Using radioactive seeds that are smaller than a grain of rice, breast seed brachytherapy is a relatively new treatment for breast cancer patients. This treatment will not only allow patients to spend less time away from home receiving treatment, but also ensure the QEII Health Sciences Centre remains a centre of excellence in cancer care for Atlantic Canadians.


In the coming months, Dr. Jean-Philippe Pignol, the QEII’s head of radiation oncology, will offer breast seed brachytherapy to some early-stage breast cancer patients, all thanks to QEII Foundation donors, and event participants and supporters of Ride for Cancer powered by BMO Bank of Montreal.


“We want to make a patient’s challenging journey simpler and faster, making them feel better and more reassured about their outcome in the future,” says Dr. Pignol.


The innovative form of radiation therapy treatment is delivered in a single procedure that lasts less than one hour.


During the procedure done under light sedation and local freezing, Dr. Pignol places between 10 and 20 needles into the breast, where a lump was previously removed. Each needle is loaded with about four tiny titanium radioactive seeds, which are then placed into the breast. The seeds release soft radiation over a period of two months, explains Dr. Pignol.


“The seed is the most convenient treatment,” he says. “It is the less risky of treatments for the patient in term of exposure to radiation.”


Radiation in the seeds is delivered to a small area of the breast and precisely pinpointed, so as not to leak into other parts of the body. The limited radiation exposure reduces the patient’s risk of lung cancer and other diseases and allows for greater preservation of the breast, he says.


At the end of two months, the seeds remain in the breast, but they are without radiation. They are so small that the patient cannot feel them. Patients are followed up as usual with routine mammograms.


For Pauline Sykes, the treatment meant that instead of facing three to five weeks of daily radiation treatment and long trips from her home in Toronto to the city’s cancer care centre, she made one trip to the hospital and was back home the same day as the procedure.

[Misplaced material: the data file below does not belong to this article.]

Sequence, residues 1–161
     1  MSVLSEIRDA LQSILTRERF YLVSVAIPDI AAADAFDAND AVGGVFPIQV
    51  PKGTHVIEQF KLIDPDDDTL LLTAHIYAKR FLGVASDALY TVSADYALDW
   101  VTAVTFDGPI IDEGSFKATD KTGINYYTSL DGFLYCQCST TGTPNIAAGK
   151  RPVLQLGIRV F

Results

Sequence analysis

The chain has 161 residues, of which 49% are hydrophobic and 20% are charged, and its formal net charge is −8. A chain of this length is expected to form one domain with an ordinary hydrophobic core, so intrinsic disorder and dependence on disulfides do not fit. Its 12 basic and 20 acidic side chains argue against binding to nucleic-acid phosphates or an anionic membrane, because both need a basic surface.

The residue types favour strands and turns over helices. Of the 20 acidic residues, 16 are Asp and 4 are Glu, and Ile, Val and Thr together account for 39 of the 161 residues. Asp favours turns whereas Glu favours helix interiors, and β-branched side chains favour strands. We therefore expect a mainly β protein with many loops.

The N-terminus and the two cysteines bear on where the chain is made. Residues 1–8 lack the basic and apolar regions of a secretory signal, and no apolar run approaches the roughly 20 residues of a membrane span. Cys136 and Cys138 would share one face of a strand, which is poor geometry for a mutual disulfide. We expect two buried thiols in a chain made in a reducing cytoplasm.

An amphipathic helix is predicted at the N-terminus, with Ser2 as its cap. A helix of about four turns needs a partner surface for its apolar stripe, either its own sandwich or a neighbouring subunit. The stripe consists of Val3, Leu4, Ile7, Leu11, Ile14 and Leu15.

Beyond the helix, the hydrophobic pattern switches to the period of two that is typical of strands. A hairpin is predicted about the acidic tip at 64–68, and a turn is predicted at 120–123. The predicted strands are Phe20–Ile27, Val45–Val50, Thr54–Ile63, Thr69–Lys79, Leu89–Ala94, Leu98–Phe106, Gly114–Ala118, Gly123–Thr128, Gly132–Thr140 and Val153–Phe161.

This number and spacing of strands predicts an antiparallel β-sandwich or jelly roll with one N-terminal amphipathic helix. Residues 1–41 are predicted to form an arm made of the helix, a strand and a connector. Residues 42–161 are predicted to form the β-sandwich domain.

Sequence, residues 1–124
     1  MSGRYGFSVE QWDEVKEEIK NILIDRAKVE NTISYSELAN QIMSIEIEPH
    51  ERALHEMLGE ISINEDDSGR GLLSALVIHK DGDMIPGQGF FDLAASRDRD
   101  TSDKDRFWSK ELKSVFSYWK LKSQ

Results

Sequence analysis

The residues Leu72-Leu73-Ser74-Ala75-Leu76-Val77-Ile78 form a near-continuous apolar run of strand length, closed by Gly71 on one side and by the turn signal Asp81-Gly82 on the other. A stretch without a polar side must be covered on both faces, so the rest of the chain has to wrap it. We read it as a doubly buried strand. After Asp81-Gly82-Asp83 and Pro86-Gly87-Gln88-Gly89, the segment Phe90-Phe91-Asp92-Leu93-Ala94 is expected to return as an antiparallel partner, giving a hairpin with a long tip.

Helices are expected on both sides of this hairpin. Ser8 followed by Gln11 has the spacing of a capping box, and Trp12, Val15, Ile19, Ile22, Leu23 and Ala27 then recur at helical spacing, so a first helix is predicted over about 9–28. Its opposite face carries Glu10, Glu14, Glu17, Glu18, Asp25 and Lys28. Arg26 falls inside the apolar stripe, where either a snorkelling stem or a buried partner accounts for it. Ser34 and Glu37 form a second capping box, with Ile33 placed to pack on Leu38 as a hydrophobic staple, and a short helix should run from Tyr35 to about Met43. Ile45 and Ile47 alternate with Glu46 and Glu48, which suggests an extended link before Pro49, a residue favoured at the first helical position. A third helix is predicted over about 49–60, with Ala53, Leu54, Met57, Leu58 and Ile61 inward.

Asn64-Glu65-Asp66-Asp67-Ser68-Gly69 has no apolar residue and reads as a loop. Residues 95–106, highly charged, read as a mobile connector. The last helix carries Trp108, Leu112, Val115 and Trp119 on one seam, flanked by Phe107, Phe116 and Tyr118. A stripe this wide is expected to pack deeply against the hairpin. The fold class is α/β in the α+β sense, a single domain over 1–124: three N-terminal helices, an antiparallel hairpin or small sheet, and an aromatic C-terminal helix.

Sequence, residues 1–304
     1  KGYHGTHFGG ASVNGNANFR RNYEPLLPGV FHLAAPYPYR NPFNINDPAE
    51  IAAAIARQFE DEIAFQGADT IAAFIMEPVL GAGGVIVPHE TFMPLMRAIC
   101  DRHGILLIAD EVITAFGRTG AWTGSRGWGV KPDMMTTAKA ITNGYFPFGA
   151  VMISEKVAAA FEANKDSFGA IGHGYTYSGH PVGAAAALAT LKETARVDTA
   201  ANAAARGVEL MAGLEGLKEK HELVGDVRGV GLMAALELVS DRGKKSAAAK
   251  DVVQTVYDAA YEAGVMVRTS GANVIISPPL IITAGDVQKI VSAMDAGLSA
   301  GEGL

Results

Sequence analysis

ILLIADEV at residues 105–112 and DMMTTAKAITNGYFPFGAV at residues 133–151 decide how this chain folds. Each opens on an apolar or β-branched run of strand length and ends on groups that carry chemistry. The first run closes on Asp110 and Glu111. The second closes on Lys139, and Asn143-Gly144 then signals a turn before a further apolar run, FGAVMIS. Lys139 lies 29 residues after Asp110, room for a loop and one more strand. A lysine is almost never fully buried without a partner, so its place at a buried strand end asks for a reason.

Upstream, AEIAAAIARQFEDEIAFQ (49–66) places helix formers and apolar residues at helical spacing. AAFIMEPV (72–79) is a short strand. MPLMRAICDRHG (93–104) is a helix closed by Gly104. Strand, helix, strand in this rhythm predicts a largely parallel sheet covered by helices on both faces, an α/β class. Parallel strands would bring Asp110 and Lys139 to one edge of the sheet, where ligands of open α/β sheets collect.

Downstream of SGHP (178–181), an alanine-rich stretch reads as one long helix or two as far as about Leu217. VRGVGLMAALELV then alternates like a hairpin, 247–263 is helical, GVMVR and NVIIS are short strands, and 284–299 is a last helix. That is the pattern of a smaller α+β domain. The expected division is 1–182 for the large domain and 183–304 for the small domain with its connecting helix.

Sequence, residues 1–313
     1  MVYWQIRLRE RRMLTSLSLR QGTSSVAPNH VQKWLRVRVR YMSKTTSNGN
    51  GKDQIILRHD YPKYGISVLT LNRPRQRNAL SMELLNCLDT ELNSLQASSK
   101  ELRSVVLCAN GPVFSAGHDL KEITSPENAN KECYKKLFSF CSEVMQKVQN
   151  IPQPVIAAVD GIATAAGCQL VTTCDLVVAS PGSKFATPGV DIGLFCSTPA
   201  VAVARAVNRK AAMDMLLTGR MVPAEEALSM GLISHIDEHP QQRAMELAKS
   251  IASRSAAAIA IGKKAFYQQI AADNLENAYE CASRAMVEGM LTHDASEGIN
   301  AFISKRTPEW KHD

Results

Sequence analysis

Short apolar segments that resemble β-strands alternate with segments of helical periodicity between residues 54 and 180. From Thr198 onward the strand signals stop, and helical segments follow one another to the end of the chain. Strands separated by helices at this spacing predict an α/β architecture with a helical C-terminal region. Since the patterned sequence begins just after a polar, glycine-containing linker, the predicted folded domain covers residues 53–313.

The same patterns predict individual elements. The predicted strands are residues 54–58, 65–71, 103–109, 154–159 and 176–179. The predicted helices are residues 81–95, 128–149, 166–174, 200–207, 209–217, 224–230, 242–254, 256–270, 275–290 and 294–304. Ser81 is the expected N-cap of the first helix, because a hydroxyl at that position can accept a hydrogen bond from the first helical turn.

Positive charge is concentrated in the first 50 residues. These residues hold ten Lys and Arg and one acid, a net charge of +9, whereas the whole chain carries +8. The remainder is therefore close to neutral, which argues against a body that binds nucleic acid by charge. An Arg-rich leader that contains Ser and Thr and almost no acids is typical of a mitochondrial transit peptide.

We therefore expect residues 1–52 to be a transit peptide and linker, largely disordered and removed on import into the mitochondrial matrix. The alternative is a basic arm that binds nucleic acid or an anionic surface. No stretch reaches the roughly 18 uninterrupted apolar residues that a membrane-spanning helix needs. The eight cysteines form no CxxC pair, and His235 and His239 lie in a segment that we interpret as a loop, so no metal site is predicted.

In 2006, after her surgeon removed a lump in Pauline’s right breast, Dr. Pignol implanted 62 seeds into her breast at Toronto’s Sunnybrook Health Sciences Centre while she was awake listening to Rod Stewart songs on her headphones.


“It was the simplest procedure and the safest procedure I’ve ever had in my life,” says Pauline. “I had an amazing experience from the beginning to the end.”


By receiving this more convenient, shorter form of treatment, Pauline felt less stress and could begin her healing journey faster. She was back to work a few days after the treatment.


“Cancer patients say, ‘I want to go back to my normal life as soon as possible,’” says Dr. Pignol. “That’s where we can help.”


Seed brachytherapy has been used widely to treat prostate cancer patients, but it is new for breast cancer. After inventing the procedure for breast cancer patients, Dr. Pignol first performed it in 2004. Since then, he has done the procedure on more than 200 patients in Toronto and in Europe.


“We know it is efficient. We know it is safe,” says Dr. Pignol, who has published long-term data on patient outcomes.


Dr. Pignol envisions performing the procedure on between 30 and 50 patients with early-stage breast cancer in the first year at the QEII and increasing the number in subsequent years.


QEII Foundation donors, event participants and supporters played a major role in securing this leading treatment for the QEII.


The sixth annual Ride for Cancer powered by BMO Bank of Montreal took place on Oct. 3, 2020. Hosted by the QEII Foundation, the event introduced new safety protocols amid COVID-19 to keep riders and the community safe. The event raised more than $1.26 million net, and counting, to advance cancer care locally and deliver new treatments. A portion of those proceeds will help bring breast seed brachytherapy treatment to the QEII.


Among this year’s riders was Leslie Keevill, a six-year breast cancer survivor.


For the third year, Leslie and her husband rode alongside a community of riders to raise money for cancer care here at home.


Having undergone a mastectomy, chemotherapy and 25 rounds of radiation, Leslie is hopeful breast seed brachytherapy will improve the quality of life for many women.


“To have this kind of treatment available, for anyone who qualifies, will make a huge difference,” she says. “I think it is incredible.”


Ensuring the QEII has the best treatment options available to women is essential. In 2020, an estimated 27,400 women in Canada will be diagnosed with breast cancer, which represents 25 per cent of all new cancer cases in women this year. With good diagnoses and the continual improvement of treatment and care, Dr. Pignol says there is much reason for hope.


“Cancer today should never be a penalty, should never be a life sentence. Diagnosis of cancer should be done early and treatment should be delivered fast and be minimally invasive.”